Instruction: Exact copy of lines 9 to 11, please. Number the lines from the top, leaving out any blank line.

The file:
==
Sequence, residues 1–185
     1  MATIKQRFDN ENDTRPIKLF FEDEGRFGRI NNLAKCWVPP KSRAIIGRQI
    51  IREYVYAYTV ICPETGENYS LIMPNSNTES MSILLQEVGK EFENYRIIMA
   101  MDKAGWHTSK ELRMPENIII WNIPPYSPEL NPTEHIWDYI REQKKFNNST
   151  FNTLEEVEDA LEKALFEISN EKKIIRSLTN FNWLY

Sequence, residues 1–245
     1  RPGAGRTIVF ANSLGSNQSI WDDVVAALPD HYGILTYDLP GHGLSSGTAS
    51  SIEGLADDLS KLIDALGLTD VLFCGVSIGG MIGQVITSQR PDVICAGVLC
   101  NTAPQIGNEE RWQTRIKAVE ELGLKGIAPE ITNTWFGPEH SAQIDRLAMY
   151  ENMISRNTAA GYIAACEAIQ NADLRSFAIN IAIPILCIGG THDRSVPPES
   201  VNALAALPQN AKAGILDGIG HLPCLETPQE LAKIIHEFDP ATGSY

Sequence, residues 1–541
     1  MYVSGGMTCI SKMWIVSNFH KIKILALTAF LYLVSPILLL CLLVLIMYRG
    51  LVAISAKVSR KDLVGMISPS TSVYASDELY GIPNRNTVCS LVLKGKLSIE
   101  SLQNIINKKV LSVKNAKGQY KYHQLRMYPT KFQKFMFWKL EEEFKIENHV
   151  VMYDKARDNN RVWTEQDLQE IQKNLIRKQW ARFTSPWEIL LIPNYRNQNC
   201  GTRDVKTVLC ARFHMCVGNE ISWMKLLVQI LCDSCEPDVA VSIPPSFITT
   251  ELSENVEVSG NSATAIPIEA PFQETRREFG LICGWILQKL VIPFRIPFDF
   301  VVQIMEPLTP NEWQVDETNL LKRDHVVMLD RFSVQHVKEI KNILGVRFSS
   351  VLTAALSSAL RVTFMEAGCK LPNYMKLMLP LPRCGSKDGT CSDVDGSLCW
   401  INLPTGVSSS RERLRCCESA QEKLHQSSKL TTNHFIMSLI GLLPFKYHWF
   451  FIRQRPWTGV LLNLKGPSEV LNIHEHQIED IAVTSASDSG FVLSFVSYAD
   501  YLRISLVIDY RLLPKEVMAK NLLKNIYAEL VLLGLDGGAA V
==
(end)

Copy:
   101  NTAPQIGNEE RWQTRIKAVE ELGLKGIAPE ITNTWFGPEH SAQIDRLAMY
   151  ENMISRNTAA GYIAACEAIQ NADLRSFAIN IAIPILCIGG THDRSVPPES
   201  VNALAALPQN AKAGILDGIG HLPCLETPQE LAKIIHEFDP ATGSY